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BURLEY — Two Cassia Regional Technical Center students took on a project constructing shooting targets for the Cassia County Sheriff’s SWAT team — saving the sheriff’s office thousands of dollars.

Students Shelby Hurd and Brittany Hardy designed, cut and welded six steel targets for the team during a project that took a year to complete.

“With the budget cuts we don’t have a lot of money,” Jarrod Thompson, the SWAT team director, said Thursday as some of the team members arrived at the school to meet the students. “And these are better than we could’ve bought.”

Thompson said the targets are made out of AR500 steel, which is “really expensive.”

The steel is more durable and improves safety. When softer steel is hit over and over it can start to pit and cause bullets to ricochet, he said.

The cost to purchase one target runs about $500 and for the cost of $500 in steel the students were able to make six targets.

One of the targets has a flip out metal circle that simulates a hostage-type situation and helps the team practice precision shooting, Thompson said.

“This will help make our team members better shots,” Thompson said.

Thompson said the students and their parents could go to the practice range accompanied by officers sometime to try out the targets for themselves.

The AR500 steel, which is used to make items like snow plow blades, is very heavy and hard, Merrill Bylund, automated manufacturing instructor at CRTC, said.

It was Hardy’s first project where she used a plasma table and she was able to lay out the target designs so efficiently they were able to cut an extra target from the allotted steel.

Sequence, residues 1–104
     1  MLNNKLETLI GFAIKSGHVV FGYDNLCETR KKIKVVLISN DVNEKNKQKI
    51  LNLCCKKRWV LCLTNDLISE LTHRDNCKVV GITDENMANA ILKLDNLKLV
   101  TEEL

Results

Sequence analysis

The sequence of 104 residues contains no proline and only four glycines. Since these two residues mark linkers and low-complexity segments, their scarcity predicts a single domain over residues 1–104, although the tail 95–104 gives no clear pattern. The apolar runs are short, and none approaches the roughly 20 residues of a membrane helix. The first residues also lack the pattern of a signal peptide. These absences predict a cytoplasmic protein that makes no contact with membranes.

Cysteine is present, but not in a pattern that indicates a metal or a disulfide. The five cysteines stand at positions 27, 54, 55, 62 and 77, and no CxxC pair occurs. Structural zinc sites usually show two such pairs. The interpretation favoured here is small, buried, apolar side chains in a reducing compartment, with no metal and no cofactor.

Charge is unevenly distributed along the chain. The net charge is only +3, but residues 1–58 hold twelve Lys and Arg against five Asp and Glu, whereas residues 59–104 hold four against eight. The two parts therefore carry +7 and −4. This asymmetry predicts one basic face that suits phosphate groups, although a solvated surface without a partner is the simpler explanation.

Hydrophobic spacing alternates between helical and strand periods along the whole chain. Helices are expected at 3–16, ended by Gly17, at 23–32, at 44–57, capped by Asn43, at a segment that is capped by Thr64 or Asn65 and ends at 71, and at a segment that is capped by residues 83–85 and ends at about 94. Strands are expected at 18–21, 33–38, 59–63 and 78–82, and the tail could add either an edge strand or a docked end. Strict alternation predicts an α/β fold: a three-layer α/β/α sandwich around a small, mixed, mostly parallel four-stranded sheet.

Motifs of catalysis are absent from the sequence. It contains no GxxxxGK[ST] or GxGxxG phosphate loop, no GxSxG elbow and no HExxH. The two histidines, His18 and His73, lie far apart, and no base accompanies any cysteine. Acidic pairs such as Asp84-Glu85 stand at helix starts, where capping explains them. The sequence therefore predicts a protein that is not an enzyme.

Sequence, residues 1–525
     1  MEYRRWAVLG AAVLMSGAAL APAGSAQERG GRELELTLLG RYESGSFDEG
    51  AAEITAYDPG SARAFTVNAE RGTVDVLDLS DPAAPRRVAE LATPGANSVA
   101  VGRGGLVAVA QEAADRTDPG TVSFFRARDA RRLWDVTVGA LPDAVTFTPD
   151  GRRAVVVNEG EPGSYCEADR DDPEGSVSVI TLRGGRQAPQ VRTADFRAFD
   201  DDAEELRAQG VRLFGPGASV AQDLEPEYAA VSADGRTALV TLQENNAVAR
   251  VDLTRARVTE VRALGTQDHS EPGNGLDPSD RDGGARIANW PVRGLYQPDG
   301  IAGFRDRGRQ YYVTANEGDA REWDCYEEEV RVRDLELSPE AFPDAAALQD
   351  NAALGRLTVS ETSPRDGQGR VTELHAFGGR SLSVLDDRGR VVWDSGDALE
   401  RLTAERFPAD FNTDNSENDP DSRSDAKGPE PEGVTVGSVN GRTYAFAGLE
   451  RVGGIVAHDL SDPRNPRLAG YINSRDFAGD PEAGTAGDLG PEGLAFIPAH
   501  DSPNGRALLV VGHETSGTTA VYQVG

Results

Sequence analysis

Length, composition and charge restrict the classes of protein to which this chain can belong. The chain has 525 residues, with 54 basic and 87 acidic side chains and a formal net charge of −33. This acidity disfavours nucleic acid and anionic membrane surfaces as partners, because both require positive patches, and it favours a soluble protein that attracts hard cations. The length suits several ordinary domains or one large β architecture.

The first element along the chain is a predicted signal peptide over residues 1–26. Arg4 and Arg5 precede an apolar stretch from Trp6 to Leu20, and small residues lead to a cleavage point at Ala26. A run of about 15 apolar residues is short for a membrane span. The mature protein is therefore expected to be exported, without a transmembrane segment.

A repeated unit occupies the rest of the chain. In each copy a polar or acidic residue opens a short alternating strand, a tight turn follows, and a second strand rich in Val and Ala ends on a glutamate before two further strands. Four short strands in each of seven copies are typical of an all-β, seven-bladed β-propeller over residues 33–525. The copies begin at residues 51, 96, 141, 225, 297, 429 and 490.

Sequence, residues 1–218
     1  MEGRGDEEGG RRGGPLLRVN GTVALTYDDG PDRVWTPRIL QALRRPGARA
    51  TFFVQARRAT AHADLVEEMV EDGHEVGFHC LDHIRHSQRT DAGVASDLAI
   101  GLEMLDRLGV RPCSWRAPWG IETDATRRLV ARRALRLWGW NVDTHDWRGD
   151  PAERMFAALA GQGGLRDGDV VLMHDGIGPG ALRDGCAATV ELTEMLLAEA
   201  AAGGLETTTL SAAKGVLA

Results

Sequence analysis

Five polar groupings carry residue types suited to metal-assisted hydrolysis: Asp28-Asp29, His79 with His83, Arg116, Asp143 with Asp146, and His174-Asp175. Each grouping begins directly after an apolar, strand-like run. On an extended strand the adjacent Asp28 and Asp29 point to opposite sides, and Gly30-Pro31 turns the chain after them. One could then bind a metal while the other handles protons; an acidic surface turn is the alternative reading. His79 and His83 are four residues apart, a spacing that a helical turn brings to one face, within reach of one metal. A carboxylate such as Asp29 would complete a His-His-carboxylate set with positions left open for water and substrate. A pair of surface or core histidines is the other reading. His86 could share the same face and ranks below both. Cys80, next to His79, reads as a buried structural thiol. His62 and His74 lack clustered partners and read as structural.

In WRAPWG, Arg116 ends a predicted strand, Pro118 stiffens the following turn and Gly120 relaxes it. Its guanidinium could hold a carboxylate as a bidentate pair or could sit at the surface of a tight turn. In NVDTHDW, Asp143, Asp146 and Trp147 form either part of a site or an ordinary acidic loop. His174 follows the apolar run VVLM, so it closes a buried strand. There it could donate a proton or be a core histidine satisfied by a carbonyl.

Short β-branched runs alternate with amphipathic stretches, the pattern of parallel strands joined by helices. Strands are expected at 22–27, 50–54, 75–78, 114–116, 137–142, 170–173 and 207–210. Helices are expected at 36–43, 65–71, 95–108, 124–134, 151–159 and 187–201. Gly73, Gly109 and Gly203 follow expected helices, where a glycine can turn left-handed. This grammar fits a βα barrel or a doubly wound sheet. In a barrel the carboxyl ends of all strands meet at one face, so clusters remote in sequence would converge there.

“I pretty much had one shot to get it right,” Hardy said. “I was able to find the different angles and curves and make something someone else needs.”

Hardy said she was drawn to the program because she wanted to learn how to make tractor parts for their family farm.

“It’s really hard to get parts sometimes,” she said.

Hurd, who performed the welding on the targets, had to learn how to use a special wire for this type of steel.

“It’s something you just don’t do every day,” she said.

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Hurd said when she saw all the equipment in the manufacturing shop she was instantly drawn to the program.

“I wanted to learn how to use all these machines,” she said.

Owners of a local welding company that visited the shop saw the quality of Hurd’s welding and offered her a job.

“I’m thinking about welding as a profession,” she said. “I haven’t decided yet. But it will definitely be something nice to fall back on.”

Hurd said her next project is building a coffee table for her mother using the family’s ranch brand.

The district’s goal with the technical programs is to help students find professions and join the local workforce, Debbie Critchfield, Cassia County School District spokeswoman, said.

“Projects like this give students a chance to do real life work,” Bylund said.


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